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- Video: Australia's mixed housing market – YouTube
Australia: They aren't lending like crazy but supply is too low, driving prices too high for all but the investor class. That's good for landlords.
Segment from ABC's The Business, aired 28 October 2013.
- Why You Should be Buying Commercial Real Estate – Options on Real Estate – How To Buy Real Estate
Buying commercial real estate now might be your best chance to get in on another ground floor opportunity. The opportunity to buy residential real estate at the bottom of the cycle has come and gone. However, buying commercial real estate at the bottom of the cycle, could be the next opportunity of a lifetime, for investors.
The issues are the size of entry, cash flow, and level of difficulty. It takes more money to get into commercial investments. With vacancies still low in much of the sector, the competition is stiff and cash flow can be tight. Commercial deals, including lease documents and transactions, to lease out your property, are considerably more complicated than for small residential properties.
That said, there truly is money to be made in the sector; and Wendy Patton is certainly right about the ground-floor aspect. The sector has not yet heated up, though it has generally been steadily improving.
- In Texas, Housing Shortages Driving Up Prices, Starting Bidding Wars, but Trulia "Bubble Watch" Shows Texas Metro Areas as "Overvalued" | Candy's Dirt
Joanna England writes:
I know "housing shortage" should sound very ominous, but really, we should be celebrating! Thanks to a growing job market, Texas is adding more workers faster than it can build housing for them. According to this story in Bloomberg News, there are bidding wars all over Texas, with some sellers turning down cash offers that would have seemed ample just a few years ago.
While the Bloomberg story is a bit general and doesn't show that in some neighborhoods homes sit on the market for 90 days or more depending on location and price, it sheds an interesting perspective on why Texas wasn't hit so hard when the housing bubble burst and why home builders are slow to meet brisk demand:
Values also didn't inflate as much because builders could move quickly to meet demand given the state's abundance of land and relatively easy zoning requirements. Texas home prices fell about 2.5 percent from a peak in 2007 to a trough in 2011, according to the Federal Housing Finance Agency.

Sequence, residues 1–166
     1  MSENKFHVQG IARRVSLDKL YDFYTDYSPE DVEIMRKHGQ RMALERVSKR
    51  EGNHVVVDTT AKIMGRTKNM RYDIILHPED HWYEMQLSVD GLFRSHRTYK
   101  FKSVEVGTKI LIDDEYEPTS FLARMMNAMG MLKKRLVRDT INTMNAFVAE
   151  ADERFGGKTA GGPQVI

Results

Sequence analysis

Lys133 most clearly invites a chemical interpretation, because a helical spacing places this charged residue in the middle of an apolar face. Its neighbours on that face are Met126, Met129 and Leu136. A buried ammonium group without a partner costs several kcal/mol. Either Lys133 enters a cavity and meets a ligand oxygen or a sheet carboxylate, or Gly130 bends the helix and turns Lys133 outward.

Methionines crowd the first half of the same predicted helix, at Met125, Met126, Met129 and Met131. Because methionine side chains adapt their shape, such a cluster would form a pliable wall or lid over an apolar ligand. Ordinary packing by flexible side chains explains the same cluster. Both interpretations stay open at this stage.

The state's homebuilding industry, which fell into hibernation during the recession, awoke to a rebound that it was unprepared for. Developers, constrained by banks reluctant to make construction loans, had few lots in its backlog, and many homebuilders closed or downsized. Trade workers left for jobs in the energy industry as oil prices surged.
- Banks Abandon Mortgage Preapprovals – Yahoo Finance
Good for landlords:
Housing experts, however, say the decline in preapprovals is largely due to dwindling competition among mortgage lenders for new clients. Prior to the recession, lenders used preapprovals as way to attract would-be borrowers. Buyers who had this commitment from a lender were more likely to turn to this company when they were ready to get the actual mortgage, says Keith Gumbinger, vice president at mortgage-info site HSH.com. In that way, preapprovals became a revenue source for lenders. Since the recession, many lenders have shut down, and that has decreased competition for buyers, he says.
Several banks, including Chase and Bank of America, say rather than preapproving home buyers, they're mostly doing pre-qualifications. With pre-qualifications, lenders inform borrowers of the size of the loan they can qualify for based on their stated income and assets as well as an initial credit check. Historically, pre-qualifications were the first step buyers would take before shopping, which was then followed by a preapproval when they became serious about a specific home they wanted to purchase.
… most lenders can rescind a prequalification, whereas a preapproval is a commitment that usually lasts two to three months.
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